Anybody could lose time should Melvin decide to turn Reynolds into some sort of super reserve.

Few players can consider themselves safe as long as Reynolds keeps hitting, as Reynolds has experience not only at third base but shortstop, second, first and the outfield, having acquitted himself well everywhere but catcher.

The 6-foot-1, 200-pound Reynolds, having hit a combined 31 homers in stops at Double A Tennessee and Single A Lancaster last year, has been likened to Dodgers second baseman Jeff Kent. Reynolds has 62 homers since coming up with Single A South Bend three years ago.

Reynolds, 23, was initially so highly regarded that he might have been among the higher draftees in 2004, but he fell to the Diamondbacks in the 16th round due to a debilitating wrist injury that now seems like something from a previous life.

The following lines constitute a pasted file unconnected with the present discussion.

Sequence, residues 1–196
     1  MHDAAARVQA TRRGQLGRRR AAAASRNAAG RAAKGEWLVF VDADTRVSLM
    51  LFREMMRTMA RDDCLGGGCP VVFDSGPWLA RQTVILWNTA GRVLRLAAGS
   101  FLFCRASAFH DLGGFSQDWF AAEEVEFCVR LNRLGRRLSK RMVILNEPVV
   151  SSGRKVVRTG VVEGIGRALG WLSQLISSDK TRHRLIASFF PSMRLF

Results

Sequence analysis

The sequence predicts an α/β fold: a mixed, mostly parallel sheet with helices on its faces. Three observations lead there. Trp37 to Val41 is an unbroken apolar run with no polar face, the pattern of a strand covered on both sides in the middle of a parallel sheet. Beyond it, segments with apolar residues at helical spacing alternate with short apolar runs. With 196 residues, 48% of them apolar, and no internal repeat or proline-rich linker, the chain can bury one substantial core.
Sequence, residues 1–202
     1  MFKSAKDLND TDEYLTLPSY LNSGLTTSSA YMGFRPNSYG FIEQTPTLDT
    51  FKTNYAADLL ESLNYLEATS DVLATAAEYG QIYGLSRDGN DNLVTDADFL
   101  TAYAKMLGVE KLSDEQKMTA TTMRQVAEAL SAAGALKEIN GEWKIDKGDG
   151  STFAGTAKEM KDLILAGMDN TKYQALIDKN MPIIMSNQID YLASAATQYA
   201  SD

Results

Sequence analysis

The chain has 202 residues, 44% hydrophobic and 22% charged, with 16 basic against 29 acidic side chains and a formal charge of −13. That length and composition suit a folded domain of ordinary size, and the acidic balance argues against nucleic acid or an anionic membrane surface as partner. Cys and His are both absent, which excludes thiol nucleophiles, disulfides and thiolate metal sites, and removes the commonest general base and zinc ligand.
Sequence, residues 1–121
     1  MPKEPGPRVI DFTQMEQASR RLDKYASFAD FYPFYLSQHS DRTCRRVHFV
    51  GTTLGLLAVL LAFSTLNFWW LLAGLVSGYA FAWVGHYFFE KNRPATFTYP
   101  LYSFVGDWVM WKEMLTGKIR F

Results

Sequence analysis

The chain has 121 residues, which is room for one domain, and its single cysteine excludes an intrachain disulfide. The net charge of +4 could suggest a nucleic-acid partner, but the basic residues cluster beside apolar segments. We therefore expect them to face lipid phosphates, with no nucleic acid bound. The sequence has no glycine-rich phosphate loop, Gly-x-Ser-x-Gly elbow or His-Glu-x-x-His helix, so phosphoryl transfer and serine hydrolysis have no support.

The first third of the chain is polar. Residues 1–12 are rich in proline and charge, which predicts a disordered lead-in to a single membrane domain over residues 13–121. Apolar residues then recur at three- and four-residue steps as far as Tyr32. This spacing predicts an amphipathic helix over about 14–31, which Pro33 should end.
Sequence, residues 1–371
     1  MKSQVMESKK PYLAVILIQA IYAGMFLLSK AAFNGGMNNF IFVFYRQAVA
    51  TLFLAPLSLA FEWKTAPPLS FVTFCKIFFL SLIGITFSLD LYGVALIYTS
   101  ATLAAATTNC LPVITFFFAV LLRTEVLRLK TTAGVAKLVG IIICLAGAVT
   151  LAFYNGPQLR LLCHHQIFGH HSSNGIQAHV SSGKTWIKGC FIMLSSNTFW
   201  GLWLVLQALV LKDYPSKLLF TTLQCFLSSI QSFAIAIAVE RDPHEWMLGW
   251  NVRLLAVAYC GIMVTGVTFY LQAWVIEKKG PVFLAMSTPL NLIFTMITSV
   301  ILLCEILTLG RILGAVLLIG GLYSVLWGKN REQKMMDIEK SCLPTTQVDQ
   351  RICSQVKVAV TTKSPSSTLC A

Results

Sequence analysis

Sunday, May 27, 2007

Josh Hamilton's Lengthy Absence Raises Red Flag

He has come back from homelessness, the demons of crack cocaine, alcohol and virtually any street drug one can name. He has tried to commit suicide at least four times and had been out of baseball for five years. And now, after he miraculously appears out of nowhere to become player of the month in April, we are to believe that the Reds' Josh Hamilton has been waylaid by a simple tummy ache.

On injured reserve retroactively since May 19, Hamilton continues to miss time from what the team has described as gastroenteritis, a very big word for simple diarrhea exacerbated by intermittent vomiting. Even with attendant dehydration, a young, healthy professional athlete in a controlled environment should be sidelined for not a minute more than two or three days. Tops.

Unless there is more to the story.